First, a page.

northern and southern civil war strategies, weaponry, and missouris legacy: 1861-1865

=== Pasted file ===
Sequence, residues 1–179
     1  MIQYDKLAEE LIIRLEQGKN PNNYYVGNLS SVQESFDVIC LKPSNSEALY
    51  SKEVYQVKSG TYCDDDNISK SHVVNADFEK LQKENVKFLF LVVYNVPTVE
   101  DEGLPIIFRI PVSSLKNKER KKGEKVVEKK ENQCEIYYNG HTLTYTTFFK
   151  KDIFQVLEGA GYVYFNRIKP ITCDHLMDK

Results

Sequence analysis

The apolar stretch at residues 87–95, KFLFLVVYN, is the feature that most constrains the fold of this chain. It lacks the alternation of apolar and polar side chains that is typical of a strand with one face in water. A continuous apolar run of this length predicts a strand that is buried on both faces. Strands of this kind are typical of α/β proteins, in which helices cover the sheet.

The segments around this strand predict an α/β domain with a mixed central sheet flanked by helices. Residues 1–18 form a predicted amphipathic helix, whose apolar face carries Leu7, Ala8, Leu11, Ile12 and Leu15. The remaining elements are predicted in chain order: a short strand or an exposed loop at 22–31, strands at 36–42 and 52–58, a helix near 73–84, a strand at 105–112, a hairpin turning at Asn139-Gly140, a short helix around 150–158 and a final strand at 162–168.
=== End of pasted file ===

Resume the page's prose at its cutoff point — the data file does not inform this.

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Northern and Southern Civil War Strategies, Weaponry, and Missouris Legacy: 1861-1865 Slide 2 Overview Overview of the North & South Northern Strategy Southern Strategy The Changing Nature of Warfare Missouri in the Civil War Slide 3 U.S. War Deaths in Thousands Slide 4 Slide 5 Slide 6 Northern Strategy Squeeze the South Anaconda plan Blockade Southern ports Gain control of Mississippi Cairo, IL to New Orleans Slide 7 Northern Strategy Isolate and disorganize Confederacy Southern Union sympathizers get South to surrender Designed by Gen. Scott Keep border states in Union GOAL: No secession & compliance with constitution Slide 8 Slide 9 Southern Strategy Defensive war of attrition (strategy of winning by not losing) Wear out opponent G. Washingtons strategy in Revolutionary War Get European support Jackson, Beauregard, Lee Slide 10 Southern Strategy South - twice the size of 13 original colonies GOAL: Secession and independence Jefferson Davis - President Slide 11 Civil War Armaments & Technology Slide 12 Slide 13 Why did they fight in lines?Were they Stupid? NO!!!! Psychology closeness in numbers. Battles were terrifying 1-150 bullets actually hit somebody Could see flags above firing smoke fog for formation Slide 14 Wagon Trains Women had to feed and take care of the men Confederate Sterling Prices Wagon Train through Missouri stretched (reportedly) 15 miles Slide 15 Howitzers Threw 12-pound shell up to 1000 yards (1/2 mile) Could be easily disassembled & carried by mule Smoothbore Howitzer Slide 16 Gatling Gun Limited use in the Civil War - 1864 600 rounds (bullets) in one minute Slide 17 Ironclad ships Iron covered vessels Revolving turret (cannon) Brings an end to tall-masted wooden military ships Slide 18 Springfield Rifle Union Armys standard weapon Rifled bore - greater accuracy 150 - 200 yards (compared to 80 yards for smooth bore weapons) Gives rise to trench warfare Single Shot? Why not multiple shot? Slide 19 Telegraph Long distance communication Organized troop movement Slide 20 Train Allowed for quick movement of troops & supplies All major Civil War battles took place 100 or miles less from RR tracks Slide 21 Disease Disease was the chief killer in the war - claiming two soldiers for every one killed in battle. Hospitals were so unsanitary that one Union soldier lamented: "If a fellow has [to go to the] Hospital, you might as well say goodbye. -Ken Burns - Civil War Slide 22 Slide 23 Slide 24 The Civil War Begins April 12 & 13 - Confederate forces bombarded Fort Sumter Fort Surrenders - no one killed Lincoln calls for 75,000 volunteers to end insurrection Virginia, N. Carolina, Arkansas and Tennessee join the Confederacy Slide 25 Slide 26 Slide 27 Where does Missouri Fit in? Missouri ranks 3 rd only to Virginia and Tennessee in battles and skirmishes fought among states. Western Missouri was destroyed under General Order No. 11 by Union General Thomas Ewing. Homes gone, people killed, confederate sympathy - this area becomes known as the Burnt District Battle of Little Blue Ridge and Battle of Westport near Independence, MO, ranks in the top 1% of significant battles during the Civil War according to Civil War historians The Battle of Wilsons Creek, The Battle of Lexington, and several battles in Independence were decisive in the overall theatre of the war What if: St. Louis falls? The Confederates begin a legitimate government? Slide 28 General Order No. 11 By: George Caleb Bingham Slide 29 Confederate Sterling Prices Raids Across Missouri Gen. Price's raid on Missouri in fall of 1864 caused considerable panic to the Federals within the State. Over 6,000 troops had to be recalled from the looting/burning of Georgia to pursue Gen. Price's 12,000 man cavalry force threatening St. Louis. After leaving Doniphan Missouri on Sept. 20, 1864, Price moved against the Federals in Ft. Davidson at Pilot Knob in hope of capturing vitally needed guns and ammunition for his men. Due to the deep trench before the fortification at Ft. Davidson, Price lost from 800 to 1,000 men in his attempts to rush the fort. In preparation of attacking St. Louis, Price sent a squad of Shelby's cavalry to secure the Cheltenham Post/Telegraph office, which was then only four miles outside of the city. Due to a change of plans after entering Franklin County, Price ordered the attack on St. Louis aborted, and proceeded west to Jefferson City.